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Costa Concordia Raises Issue of Passenger Rights of Recovery

During the night of January 13, 2012, the 955-foot Italian-flagged COSTA CONCORDIA struck a rock and capsized near the coast of Giglio, Italy, resulting in great loss of property and life, including two Americans presumed dead. This tragedy has renewed focus on cruise ship safety and the rights of cruise ship passengers, particularly pertaining to the matter of legal jurisdiction, especially given the number of multinational passengers. Modern cruise ships are often referred to as floating cities now due to their enormous size, carrying thousands of passengers and crew.

A cruise ship ticket is also known as a “cruise ticket contract.” What makes a contract valid are four points: offer, acceptance, free will to enter the contract relationship, and equitable consideration. Those entering a contract are assumed to be aware of and in agreement with the contract details, and a court will usually uphold a contract which has met all the legal criteria. The exchange of consideration, such as exchanging money for a cruise ticket, touches on all four points of a valid contractual agreement between parties. The cruise ticket contract wording, in what most of us would call the fine print, is said to be on the ticket and is otherwise accessible to passengers. On the Costa web site, passengers are encouraged to read their cruise ticket contract. By purchasing the ticket, a passenger has arguably entered a contract and agreed to the conditions therein, which include a series of limitations and waivers in case of dispute. It does state that Costa will be liable for its negligence. The caveat is, any negligence must be proven by the claimant in court.

Two clauses of concern on the Costa ticket address the jurisdiction and which laws apply for possible legal claims against Costa. The “forum selection” clause stipulates the specific court in which a plaintiff may file a claim against Costa. The “choice of law” clause is where Costa names which country’s laws will apply to that claim. In this instance, the forum is in Italy and the choice of law is Italian law. Time limits on legal notices and actions are stated on the contract, and there is also a clause in the Costa contract barring the filing of a class action lawsuit. The burden of proving the jurisdiction and the claim lies on the claimant.

At last report, Costa Cruises, based in Genoa, Italy, a Carnival Cruise Line subsidiary, had offered each passenger who was not physically injured on COSTA CONCORDIA 11,000 euros, which translates to roughly $14,500 U.S., to cover property loss and damage, ticket reimbursement, travel expenses, and medical bills arising from the disaster. A number of passengers have decried this figure as not even covering their property loss, stating that it also doesn’t begin to cover the mental or emotional damage inflicted. It’s been pointed out that paying the approximately 3,200 non-physically injured survivors $14,500 each would cut into about twelve days of Carnival Corporation profits for 2012. Carnival has since stated that its net income for 2012 may be reduced by as much as $175 million, although future profits are expected to normalize. Costa plans to address compensation to those with physical injuries and to the families of those who perished on an individual basis.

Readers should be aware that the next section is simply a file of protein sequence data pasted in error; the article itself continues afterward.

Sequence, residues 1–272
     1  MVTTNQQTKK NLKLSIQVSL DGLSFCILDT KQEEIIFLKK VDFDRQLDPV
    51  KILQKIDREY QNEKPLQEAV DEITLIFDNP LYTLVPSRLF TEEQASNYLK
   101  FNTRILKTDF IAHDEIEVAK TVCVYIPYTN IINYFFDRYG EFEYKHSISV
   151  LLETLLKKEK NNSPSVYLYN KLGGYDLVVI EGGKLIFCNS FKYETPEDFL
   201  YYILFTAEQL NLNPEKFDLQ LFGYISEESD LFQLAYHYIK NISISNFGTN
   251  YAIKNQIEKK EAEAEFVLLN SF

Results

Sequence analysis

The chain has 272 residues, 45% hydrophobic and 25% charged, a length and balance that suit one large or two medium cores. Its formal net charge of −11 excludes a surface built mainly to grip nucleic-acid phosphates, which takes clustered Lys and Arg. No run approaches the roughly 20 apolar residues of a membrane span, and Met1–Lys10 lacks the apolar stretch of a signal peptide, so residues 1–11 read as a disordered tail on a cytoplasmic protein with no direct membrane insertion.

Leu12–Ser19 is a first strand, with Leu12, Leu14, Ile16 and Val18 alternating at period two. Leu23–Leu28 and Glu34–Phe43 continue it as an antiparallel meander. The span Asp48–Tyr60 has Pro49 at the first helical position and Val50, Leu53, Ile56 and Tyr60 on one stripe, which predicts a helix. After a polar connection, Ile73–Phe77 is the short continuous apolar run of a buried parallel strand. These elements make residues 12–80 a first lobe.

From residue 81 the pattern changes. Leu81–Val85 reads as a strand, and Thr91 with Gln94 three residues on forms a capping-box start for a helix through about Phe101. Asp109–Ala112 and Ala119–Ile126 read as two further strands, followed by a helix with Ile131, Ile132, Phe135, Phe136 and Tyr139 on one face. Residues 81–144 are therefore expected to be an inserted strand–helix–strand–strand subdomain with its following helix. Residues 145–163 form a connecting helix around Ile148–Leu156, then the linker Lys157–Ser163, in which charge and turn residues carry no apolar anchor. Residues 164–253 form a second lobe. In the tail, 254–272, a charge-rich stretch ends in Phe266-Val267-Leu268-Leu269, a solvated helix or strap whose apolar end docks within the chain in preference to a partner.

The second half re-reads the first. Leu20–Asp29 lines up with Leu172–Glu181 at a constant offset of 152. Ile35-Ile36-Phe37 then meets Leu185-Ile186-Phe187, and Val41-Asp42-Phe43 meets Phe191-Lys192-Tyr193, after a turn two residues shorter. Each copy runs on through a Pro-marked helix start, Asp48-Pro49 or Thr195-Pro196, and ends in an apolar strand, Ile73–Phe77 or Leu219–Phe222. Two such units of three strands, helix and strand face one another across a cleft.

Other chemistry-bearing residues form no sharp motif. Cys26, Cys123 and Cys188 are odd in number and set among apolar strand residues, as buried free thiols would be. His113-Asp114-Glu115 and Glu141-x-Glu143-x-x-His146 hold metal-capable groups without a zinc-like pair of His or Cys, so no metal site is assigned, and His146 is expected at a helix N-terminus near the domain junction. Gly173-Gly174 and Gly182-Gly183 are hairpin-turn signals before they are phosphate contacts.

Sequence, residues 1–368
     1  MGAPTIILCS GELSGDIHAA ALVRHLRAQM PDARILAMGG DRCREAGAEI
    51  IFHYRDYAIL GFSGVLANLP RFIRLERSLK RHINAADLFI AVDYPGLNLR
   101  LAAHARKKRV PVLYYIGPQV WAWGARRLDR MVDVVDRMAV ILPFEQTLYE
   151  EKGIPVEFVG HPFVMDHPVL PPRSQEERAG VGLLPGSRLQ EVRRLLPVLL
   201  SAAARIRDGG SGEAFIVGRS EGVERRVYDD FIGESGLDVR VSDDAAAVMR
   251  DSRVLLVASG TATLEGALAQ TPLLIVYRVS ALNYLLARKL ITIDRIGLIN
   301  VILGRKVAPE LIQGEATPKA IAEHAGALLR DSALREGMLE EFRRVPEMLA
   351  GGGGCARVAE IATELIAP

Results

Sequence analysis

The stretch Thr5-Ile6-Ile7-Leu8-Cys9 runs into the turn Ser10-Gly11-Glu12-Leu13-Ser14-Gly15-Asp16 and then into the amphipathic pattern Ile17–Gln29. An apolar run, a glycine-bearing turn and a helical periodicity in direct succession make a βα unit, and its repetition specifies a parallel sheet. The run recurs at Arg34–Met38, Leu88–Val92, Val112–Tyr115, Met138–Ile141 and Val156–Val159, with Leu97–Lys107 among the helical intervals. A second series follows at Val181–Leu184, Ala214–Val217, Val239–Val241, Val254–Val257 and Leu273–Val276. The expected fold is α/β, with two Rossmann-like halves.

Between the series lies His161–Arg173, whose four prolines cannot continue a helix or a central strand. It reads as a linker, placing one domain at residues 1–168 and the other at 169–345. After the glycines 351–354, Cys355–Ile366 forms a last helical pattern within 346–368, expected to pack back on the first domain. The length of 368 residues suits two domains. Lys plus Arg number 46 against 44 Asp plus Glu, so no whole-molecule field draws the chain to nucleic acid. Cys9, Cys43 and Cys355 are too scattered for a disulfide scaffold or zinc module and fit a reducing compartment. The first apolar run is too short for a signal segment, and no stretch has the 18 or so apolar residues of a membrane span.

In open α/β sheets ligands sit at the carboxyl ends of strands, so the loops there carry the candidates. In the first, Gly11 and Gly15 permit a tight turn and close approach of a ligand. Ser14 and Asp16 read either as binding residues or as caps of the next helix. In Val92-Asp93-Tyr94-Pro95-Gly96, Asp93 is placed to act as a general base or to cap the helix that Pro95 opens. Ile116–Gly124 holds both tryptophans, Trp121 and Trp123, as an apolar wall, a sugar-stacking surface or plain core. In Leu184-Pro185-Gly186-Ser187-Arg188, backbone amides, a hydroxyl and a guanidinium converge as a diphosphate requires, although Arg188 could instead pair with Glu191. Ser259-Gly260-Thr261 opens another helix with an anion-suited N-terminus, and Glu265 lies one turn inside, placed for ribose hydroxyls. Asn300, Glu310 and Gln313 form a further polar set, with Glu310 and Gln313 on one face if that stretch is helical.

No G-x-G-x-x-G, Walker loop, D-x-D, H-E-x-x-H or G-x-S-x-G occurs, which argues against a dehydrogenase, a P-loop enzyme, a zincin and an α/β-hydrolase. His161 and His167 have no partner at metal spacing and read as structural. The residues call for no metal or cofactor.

Despite the wording on the Costa cruise ticket contract, lawsuits, including class action suits, by U.S. citizens and citizens of other countries are being filed in Florida where Costa has its headquarters. The families of those who lost their lives fear that Italian law and courts will not adequately address their losses. It remains to be seen whether the Florida court will keep the case or uphold the forum selection clause in favor of the Italian court. Even if the Florida court finds a way to keep the case on jurisdictional grounds, it may still uphold the choice of law clause stated in the cruise ticket contract. In such a case, damages would be governed by Italian law. One thing is certain, and that is the legal stage is set for a gigantic battle on the enforceability and validity of cruise ticket contracts.

U.S. courts have consistently upheld many cruise ticket contract terms in the past. Therefore, it is possible that the U.S. courts in the COSTA CONCORDIA case will dismiss any action filed in the U.S., or, at least, follow Italian law in awarding damages. On the other hand, there are several good, creative lawyers pursuing legal actions in Florida and elsewhere. Perhaps the American courts will be persuaded to keep the case because Costa and Carnival are so closely affiliated. American courts may also be inclined to try to keep a case if it can be shown that the remedies to the families that are available in Italy are grossly inadequate. We will continue to follow this story.

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